This year the robotics team is using The Finch for teaching the new programmers about programming. The robot is cute and I know I’d want to play with it so I bought one too.
While I like Eclipse better than NetBeans, the programming team uses NetBeans. I decided to try out NetBeans with the Finch so I’m familiar with their platform/interface. I’ll want it soon enough anyway to check out NetBeans projects from git.
Step 1 – Install NetBeans on the Mac
- Download NetBeans – the basic JSE edition
- Open dmg file which allows you to choose to run the installer.
- Choose defaults and install
- When first launch NetBeans asks if want to install JUnit. (not clear on why JUnit doesn’t come with NetBeans – it comes with Eclipse)
Step 2 – Import Finch project
This one took me a few minutes. You need to
- Download the NetBeans project
- Copy it to the NetBeans project directory which is /Users/me/NetBeansProjects on a mac
- In NetBeans, File > “open project” and then drill down to Finch.
Step 3 – Run a program
- Connect the Finch’s USB to your computer. (The tutorial doesn’t say this, but it is implied.)
- Per the tutorial, choose Run > Run File.
- Enjoy the Finch. It’s so cute!
Step 4 – Run a different programs
I very carefully misunderstood the instructions about not choosing Run > Run and did it anyway. Luckily, you can choose Run > Run File and have it ignore your preset default. Or you can completely unset it by editing the file FinchBeans/nbproject/project.properties and removing the main class line. Then I can remember to choose Run > Run File.
Disappointed with Adobe
The Future(?) of Adobe Flash and Adobe Air
The loss of Google Maps for Flash/Air feels like another nail in the coffin for Adobe Flash. Flex developers may recall that Adobe launched Air more than three years ago as a stand-alone Flash application platform. Adobe Air provides a run-time environment, similar to the Java JRE, that offers developers a richer feature set and more customization than a standard web-based Flash application allows. Unfortunately, with the growing mobile market, Adobe has virtually abandoned all efforts to market the Adobe Air platform. In fact, I can count on one finger the number of individuals, myself included, who I know have the Adobe Air runtime installed.
The last few years has seen the rise of mobile platforms in a big way, so much so that proprietary web platforms like Flash, Silverlight, and others have fallen by the wayside. I think Adobe’s biggest mistake regarding Flash in the last few years was in not actively pushing Adobe Air as a general purpose platform. Despite adding a number of Flash-specific features in the latest CS5.5 release, Adobe has not done a lot to encourage developers to stick with the platform. The loss of Google Maps for Flash may be just one in a series of events that leads to the end of the Flash platform as we know it.
When I work at home on personal computer projects, I have one of two problems:
- getting distracted from my main task by other computer things or other items that need doing around the house
- getting so absorbed in my task that I forget to look away from the computer causing me to get a headache and need to stop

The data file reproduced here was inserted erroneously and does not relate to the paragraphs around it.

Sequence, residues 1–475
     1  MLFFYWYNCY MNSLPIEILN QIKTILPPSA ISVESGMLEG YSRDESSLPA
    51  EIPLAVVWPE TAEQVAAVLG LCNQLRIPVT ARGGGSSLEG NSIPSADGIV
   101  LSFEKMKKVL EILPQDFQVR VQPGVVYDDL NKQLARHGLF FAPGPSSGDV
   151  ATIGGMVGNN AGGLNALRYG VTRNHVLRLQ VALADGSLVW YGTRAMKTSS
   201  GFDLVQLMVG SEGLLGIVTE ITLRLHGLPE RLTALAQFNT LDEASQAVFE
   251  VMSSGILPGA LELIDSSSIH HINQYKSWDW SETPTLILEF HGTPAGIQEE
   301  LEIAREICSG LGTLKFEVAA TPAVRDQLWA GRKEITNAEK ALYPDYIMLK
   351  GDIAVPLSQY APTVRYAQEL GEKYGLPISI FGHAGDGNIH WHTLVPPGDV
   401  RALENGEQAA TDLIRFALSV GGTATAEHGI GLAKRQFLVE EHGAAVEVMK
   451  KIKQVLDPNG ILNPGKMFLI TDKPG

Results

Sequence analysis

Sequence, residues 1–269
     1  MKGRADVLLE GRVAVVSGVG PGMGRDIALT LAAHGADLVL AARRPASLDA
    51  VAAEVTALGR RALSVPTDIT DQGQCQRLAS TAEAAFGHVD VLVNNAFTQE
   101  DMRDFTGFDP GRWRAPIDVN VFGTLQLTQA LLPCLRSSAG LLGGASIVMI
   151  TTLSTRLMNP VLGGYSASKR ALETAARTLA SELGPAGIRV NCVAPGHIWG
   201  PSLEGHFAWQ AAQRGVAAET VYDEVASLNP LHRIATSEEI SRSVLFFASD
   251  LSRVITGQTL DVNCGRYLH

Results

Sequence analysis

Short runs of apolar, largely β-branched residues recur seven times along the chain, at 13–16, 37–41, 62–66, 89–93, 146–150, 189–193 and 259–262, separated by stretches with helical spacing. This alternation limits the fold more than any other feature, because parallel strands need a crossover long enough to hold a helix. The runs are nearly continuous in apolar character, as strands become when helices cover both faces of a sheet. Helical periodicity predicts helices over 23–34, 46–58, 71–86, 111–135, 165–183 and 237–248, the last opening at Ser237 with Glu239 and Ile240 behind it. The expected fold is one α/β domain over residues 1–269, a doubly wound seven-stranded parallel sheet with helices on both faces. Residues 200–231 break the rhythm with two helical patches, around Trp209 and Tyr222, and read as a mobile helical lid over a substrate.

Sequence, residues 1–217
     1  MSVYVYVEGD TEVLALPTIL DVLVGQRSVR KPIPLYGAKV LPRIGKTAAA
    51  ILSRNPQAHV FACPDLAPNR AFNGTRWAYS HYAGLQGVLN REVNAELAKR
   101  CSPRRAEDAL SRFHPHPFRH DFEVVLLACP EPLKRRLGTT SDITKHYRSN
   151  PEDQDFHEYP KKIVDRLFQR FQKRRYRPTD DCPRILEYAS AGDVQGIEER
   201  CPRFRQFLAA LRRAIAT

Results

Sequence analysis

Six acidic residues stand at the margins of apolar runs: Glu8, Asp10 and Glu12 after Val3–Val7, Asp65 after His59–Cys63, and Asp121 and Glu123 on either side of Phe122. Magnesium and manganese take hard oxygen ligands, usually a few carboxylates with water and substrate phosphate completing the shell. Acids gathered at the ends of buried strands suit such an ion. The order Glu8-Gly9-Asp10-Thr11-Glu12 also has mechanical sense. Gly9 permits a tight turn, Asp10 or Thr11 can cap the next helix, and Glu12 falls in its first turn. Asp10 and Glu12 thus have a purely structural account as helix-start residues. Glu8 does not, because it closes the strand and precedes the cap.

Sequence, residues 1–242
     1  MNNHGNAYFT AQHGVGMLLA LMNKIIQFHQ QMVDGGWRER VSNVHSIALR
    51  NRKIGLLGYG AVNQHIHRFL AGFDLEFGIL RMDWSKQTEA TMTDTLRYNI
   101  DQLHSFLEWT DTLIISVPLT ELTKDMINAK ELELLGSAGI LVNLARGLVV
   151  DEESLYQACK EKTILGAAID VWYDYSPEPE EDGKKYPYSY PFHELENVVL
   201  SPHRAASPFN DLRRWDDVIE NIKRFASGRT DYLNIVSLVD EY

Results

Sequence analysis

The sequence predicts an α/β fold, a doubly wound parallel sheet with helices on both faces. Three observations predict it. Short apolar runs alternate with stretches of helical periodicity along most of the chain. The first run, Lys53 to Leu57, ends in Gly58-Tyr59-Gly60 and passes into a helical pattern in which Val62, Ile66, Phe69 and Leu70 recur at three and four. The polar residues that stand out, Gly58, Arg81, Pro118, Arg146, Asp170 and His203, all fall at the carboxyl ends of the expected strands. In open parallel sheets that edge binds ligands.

Neither of these is an issue at work and I can usually get a couple hours of personal project stuff done on a given weekend day before it becomes a big problem. Which is all the time I usually have anyway. One weekend was different. I was technical proofreading a 300-400 page book (The Well Grounded Java Developer
) and needed to get a lot done in a short time. I blocked out my weekend to have 15-20 hours to do it. Then all I needed was focus.
I’d read about Pomodoro and decided it to try it with this particular project. (which is evidence of problem #1 – I was experimenting with Pomodoro
when I should be reading.)
First I installed the GNU pomodairo
app. Including the download of Adobe AIR itself, this took less than ten minutes. I added my tasks and kicked it off.
How it went
The beginning two Pomodoros were the toughest.
- On the first one, I got water 2 minutes before the break. I needed to trust it and wait longer. The sound was a bit jarring. I only read 3 pages (and played with an example.) Not much momentum yet.
- On the second one, I worked a whole pomodoro but only read one page (and fiddled with examples). I did get in the zone although I could have stayed there longer. I took a break anyway to avoid burnout. I did successfully wait out the Pomodoro to check my e-mail (which I noticed because gmail automatically pulls mail and I needed to refer to one as part of my task). I learned the tool shows your pomodoro as interrupted if you don’t click the right button at the end of a Pomodoro.
- On the third one I was starting to feel the flow. That time I did get fully into what I was doing in 25 minutes and got two tiny chores done during the break.
- At this point, it started working. I got absorbed during every Pomodoro.
My stats weren’t correct. I lost two pomodoros on the second chapter I read. I think it was because I didn’t explicitly select the next task when I finished the first one. But the stats didn’t matter. What mattered is that I was able to get focus and momentum going. And I didn’t have a headache at the end of the day.
I’m not sure if it was the Pomodoros themselves that helped me or the fact that I was doing something different so felt obligated to be responsible. Hmm. That sounds like a good question to post on productivity.stackexchange.com
. Did so here